POLINYA, Spain (Reuters) - In a community hall in the Spanish region of Catalonia, two independence activists take the stage against a backdrop of red and yellow striped Catalan flags: a Syrian-born tourist guide and a Spanish member of parliament born in Uruguay.
With barely three months to go before an independence referendum called for Oct. 1, naturalized immigrants are taking on an important and prominent role in the campaign both as activists and supporters.
Catalonia has one of the highest percentages of immigrants in Spain, just under 14 percent of residents are foreign-born, and their votes may gain crucial votes for the independence movement in what is likely to be a close-run race.
Including them in the movement for nationhood is key says Catalonia’s deputy governor, Oriol Junqueras. “We want to be a very open and integrated society,” he told Reuters in Barcelona.
Campaigners are even encouraging migrants without the right to vote to ask work mates and friends to vote for independence and are advocating Catalan nationality for all migrants living in the region if it leaves Spain.
“All those who are officially registered as living in Catalonia will have the right to Catalan nationality from day one of independence,” said Uruguayan Ana Surra, Spanish member of parliament for Catalan pro-independence party ERC.
After a live performance by a reggae singer in the community hall, organizers handed out leaflets saying: ‘Wherever you’re from, it’s in your hands to secure a better future for you and your children. Sign up to the Catalan Republic!”
“I want to call on everyone here to stand with us and to vote ‘yes’,” said Zuhair Altayeb, who fled Syria in 2011 and has Spanish nationality by marriage.
With separatist sentiment on the wane from Scotland to Quebec, the pressure is on for Catalonia’s secessionists as they attempt to push through a second ballot after a symbolic vote three years ago which was not recognized by Madrid.
Madrid says the new vote is illegal and must not take place.
Unlike the 2014 ballot, non-Spaniards will not be able to vote in October because Catalonia wants to comply with national rules on voting to give the ballot more legitimacy. A majority of Catalans want to hold a referendum, polls show, with those in favor of a united Spain slightly in the lead.
Carles Puigdemont, the pro-independence regional governor, said in a televised debate in January that he supported giving Catalan nationality to migrants living in the region, although he said that would ultimately be decided when a constitution for the proposed new country was drawn up.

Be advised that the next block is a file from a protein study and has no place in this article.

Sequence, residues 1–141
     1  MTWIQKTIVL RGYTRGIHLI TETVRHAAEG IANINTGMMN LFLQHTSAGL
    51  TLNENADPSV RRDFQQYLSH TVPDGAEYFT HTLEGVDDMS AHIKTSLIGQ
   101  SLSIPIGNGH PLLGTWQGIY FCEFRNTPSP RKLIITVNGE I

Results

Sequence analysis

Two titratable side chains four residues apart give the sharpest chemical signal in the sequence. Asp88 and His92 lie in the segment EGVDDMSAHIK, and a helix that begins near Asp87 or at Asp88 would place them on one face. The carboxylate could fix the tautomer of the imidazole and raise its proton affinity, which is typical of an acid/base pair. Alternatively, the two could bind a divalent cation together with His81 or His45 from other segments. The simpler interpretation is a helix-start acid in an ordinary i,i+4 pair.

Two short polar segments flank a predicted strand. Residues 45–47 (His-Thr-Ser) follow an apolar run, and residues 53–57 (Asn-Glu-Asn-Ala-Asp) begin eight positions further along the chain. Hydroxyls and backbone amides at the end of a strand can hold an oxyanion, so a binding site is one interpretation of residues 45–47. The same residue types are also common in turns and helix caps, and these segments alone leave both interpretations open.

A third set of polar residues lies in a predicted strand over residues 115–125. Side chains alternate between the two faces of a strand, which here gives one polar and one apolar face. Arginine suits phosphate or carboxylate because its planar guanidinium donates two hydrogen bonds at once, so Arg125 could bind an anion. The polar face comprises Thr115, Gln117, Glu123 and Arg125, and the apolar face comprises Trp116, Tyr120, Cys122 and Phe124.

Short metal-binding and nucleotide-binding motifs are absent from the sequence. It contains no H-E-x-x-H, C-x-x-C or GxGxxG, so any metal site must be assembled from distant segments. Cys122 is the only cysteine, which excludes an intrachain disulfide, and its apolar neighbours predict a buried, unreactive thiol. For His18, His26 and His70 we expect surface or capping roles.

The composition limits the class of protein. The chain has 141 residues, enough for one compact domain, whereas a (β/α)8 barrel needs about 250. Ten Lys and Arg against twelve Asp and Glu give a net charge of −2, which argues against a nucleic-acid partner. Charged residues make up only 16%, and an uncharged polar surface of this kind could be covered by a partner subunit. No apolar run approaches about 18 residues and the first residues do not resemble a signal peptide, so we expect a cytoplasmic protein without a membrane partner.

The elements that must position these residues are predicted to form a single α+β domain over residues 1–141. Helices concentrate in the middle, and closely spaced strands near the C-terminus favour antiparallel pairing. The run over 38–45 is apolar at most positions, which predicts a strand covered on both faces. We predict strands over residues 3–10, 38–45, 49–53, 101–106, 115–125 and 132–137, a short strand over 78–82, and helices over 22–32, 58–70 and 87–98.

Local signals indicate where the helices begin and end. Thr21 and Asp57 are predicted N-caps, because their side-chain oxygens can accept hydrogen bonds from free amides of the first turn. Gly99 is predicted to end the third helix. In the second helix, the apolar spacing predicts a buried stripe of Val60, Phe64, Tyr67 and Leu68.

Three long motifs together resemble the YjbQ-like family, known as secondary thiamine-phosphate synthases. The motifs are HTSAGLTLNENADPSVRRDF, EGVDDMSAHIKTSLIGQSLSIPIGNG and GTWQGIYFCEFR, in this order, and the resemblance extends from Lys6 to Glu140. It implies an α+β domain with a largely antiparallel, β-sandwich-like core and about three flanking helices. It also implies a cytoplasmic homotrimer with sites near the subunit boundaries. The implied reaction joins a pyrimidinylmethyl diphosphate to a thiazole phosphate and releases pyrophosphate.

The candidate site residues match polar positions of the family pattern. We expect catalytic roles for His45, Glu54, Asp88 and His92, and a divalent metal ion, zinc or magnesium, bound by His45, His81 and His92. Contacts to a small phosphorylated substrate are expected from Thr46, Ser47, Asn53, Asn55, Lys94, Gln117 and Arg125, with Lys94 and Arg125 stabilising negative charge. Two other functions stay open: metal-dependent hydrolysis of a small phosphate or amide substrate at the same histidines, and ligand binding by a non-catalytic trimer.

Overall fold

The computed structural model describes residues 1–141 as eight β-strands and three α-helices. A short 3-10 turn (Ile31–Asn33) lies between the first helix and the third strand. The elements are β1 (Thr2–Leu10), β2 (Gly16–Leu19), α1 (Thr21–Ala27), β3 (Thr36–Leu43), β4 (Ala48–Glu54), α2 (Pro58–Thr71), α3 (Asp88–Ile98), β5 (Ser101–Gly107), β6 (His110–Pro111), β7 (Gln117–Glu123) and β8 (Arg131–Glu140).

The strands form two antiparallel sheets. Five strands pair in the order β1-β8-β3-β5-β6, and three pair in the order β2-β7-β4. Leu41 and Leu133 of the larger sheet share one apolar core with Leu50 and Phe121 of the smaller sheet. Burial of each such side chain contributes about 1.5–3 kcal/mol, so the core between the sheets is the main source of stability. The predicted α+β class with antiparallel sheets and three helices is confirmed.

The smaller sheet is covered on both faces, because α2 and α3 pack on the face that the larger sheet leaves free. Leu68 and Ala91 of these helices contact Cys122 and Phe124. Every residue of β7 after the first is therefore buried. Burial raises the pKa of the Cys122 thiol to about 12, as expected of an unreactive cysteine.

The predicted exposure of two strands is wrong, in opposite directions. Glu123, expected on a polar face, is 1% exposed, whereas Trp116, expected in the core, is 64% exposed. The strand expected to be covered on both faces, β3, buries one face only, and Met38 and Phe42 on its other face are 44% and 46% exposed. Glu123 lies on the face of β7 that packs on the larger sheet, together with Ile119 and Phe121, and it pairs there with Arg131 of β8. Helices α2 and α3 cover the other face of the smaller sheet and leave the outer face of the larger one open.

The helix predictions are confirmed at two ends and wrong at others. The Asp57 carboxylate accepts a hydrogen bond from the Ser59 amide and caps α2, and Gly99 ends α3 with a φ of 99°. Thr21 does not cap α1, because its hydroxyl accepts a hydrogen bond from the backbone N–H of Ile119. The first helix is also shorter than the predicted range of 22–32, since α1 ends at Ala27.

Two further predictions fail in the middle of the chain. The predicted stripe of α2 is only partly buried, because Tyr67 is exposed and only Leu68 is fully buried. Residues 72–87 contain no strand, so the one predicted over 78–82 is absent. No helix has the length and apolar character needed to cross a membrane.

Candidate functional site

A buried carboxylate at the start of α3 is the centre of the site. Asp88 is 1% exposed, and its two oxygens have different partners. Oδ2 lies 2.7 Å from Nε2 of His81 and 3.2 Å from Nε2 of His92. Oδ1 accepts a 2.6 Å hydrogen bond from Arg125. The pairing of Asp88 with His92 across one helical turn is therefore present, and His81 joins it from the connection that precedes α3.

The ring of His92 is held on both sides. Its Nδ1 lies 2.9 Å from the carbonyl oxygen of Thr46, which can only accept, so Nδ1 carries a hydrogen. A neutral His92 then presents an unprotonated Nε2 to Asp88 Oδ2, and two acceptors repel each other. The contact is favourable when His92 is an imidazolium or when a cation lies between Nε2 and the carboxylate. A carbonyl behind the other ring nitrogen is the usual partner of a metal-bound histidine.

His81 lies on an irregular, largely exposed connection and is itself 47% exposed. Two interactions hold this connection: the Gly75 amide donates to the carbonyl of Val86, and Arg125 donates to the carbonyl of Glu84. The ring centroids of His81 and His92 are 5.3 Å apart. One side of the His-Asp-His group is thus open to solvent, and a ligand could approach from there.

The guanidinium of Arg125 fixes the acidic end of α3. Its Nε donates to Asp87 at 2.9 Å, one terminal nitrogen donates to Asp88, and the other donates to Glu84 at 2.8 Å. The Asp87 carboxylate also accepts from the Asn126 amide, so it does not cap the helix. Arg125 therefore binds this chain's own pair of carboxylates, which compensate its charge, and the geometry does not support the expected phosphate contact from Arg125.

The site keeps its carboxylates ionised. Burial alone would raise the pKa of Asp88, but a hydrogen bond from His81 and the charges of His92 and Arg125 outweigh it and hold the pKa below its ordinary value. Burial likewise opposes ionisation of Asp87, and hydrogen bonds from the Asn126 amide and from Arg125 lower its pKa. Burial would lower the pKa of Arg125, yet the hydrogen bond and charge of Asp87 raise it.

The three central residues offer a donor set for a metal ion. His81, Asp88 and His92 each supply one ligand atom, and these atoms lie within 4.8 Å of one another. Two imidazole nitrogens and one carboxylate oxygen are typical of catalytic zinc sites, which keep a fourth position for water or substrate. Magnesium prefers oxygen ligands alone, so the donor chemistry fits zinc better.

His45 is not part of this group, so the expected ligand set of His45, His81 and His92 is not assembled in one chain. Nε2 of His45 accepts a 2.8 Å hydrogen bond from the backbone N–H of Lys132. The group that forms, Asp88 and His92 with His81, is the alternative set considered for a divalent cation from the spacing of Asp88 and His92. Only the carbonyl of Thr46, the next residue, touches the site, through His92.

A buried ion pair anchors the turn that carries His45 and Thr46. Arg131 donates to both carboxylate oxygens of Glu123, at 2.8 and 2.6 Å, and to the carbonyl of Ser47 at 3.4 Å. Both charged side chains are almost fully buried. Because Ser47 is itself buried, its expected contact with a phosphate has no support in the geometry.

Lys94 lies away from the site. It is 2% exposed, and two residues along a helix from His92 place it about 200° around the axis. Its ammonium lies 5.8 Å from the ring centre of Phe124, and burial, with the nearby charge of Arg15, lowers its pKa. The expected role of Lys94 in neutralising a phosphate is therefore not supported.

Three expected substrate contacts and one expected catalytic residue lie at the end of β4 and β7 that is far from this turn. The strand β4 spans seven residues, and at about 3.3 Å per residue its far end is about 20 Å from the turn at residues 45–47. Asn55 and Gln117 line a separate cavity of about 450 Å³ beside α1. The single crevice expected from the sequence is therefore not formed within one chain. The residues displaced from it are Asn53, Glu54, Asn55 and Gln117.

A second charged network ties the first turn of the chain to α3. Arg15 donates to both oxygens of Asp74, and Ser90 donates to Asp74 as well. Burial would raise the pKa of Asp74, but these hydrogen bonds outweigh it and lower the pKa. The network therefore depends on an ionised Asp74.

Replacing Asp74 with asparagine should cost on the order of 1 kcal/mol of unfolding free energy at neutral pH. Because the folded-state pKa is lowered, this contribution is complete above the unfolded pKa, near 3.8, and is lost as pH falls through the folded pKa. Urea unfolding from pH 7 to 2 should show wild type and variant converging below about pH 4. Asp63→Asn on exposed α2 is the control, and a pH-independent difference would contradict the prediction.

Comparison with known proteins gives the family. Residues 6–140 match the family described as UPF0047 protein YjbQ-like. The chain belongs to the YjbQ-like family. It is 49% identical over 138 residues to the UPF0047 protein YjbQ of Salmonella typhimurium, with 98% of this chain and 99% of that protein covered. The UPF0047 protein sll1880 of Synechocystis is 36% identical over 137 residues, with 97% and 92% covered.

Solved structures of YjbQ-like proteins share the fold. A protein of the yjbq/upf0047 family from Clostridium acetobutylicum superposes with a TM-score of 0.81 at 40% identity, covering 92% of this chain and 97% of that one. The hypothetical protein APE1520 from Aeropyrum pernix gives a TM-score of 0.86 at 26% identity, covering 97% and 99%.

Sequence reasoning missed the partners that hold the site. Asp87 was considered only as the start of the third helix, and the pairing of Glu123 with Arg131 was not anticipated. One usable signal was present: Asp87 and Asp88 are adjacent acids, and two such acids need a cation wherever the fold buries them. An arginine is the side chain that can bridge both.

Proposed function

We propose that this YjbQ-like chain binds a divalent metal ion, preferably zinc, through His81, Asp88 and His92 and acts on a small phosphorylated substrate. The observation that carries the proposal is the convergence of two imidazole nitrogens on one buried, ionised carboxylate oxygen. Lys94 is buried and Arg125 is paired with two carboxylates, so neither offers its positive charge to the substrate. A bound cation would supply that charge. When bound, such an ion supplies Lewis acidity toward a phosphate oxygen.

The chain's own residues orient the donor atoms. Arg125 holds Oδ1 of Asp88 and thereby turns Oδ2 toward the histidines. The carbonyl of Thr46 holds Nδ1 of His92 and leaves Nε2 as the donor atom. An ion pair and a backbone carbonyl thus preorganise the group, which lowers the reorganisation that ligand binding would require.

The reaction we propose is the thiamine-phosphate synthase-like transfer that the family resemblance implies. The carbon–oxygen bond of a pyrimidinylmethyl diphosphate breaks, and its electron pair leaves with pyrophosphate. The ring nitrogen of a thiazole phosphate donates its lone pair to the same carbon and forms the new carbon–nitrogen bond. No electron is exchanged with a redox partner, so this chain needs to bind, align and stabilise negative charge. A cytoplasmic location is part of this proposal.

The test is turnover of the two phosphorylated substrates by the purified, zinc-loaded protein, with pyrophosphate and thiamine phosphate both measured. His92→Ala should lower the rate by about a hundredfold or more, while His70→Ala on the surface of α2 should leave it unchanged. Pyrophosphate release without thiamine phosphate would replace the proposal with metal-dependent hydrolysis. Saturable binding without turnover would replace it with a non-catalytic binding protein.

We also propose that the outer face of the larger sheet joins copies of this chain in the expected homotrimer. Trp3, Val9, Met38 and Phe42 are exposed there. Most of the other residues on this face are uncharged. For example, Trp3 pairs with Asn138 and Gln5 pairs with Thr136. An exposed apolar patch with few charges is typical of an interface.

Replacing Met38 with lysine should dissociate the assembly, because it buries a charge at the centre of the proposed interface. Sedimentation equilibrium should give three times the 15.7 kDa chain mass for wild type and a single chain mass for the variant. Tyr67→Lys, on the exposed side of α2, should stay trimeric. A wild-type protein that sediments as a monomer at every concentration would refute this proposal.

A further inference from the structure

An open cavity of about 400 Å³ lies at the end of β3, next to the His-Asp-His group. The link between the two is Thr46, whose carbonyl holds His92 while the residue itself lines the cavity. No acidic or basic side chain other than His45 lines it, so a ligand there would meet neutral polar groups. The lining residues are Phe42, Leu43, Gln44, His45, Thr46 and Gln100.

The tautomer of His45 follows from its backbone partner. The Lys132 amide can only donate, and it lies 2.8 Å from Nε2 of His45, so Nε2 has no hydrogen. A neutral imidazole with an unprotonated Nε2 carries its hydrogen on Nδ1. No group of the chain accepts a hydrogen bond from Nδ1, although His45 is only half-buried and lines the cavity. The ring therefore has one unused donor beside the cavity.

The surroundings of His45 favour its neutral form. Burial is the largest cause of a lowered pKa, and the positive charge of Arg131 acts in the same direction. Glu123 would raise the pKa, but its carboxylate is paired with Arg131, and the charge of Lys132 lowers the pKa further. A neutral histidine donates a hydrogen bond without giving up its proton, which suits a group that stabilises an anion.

Catalonia, Spain’s second most populous region and home to major city Barcelona, has for centuries attracted migrants to work in its textile, steel and chemical industries.
In the 1960s, tens of thousands of Spaniards from the poorer southern regions of Murcia and Andalucia also moved to the region in search of work. Their descendents speak Catalan and are some of the most vocal supporters of an independent state.
During Spain’s boom years at the turn of the 21st century, a new wave of economic migrants came from Latin America and northern Africa. Catalonia was one of the biggest recipients of these migrants.
Migrants as a percentage of Catalonia’s population leapt to a peak of just under 16 percent in 2011, up from 4.1 percent a decade earlier, a bigger jump than in Spain overall.
Whereas the economic crisis of the last decade saw the number of migrants fall, that trend reversed in Catalonia last year and it was one of the few Spanish regions to register a net increase in foreign residents.
The Catalan regional government has worked to integrate migrants by providing free healthcare and education even to illegal immigrants registered as living in Catalonia.
Saoka Kingolo, who came to Spain from Congo in 1988 in search of work and to escape dictatorship, said his experience of Catalonia as an immigrant has been positive despite the big jump in the number of foreigners in recent years.
“At the most there have been one or two (xenophobic) incidents, but nothing serious,” said the 56-year-old independence campaigner who works to promote the Catalan language and advocate immigrant rights in the region.
However, back in the hall in Polinya, all is not plain sailing. Members of the audience express concerns about their eligibility to vote and what will happen to their Spanish residency papers if Catalonia gets independence.
“I don’t like the idea of independence. We are all one family aren’t we?” said one Senegalese audience member who did not want to give his name. “If Catalonia splits off, what if another region wants to go? Spain won’t be Spain anymore.”
(Fixes paragraph 16 to say Catalonia was one of the biggest recipients of migrants not the biggest.)
Additional reporting by Sam Edwards; Editing by Louise Ireland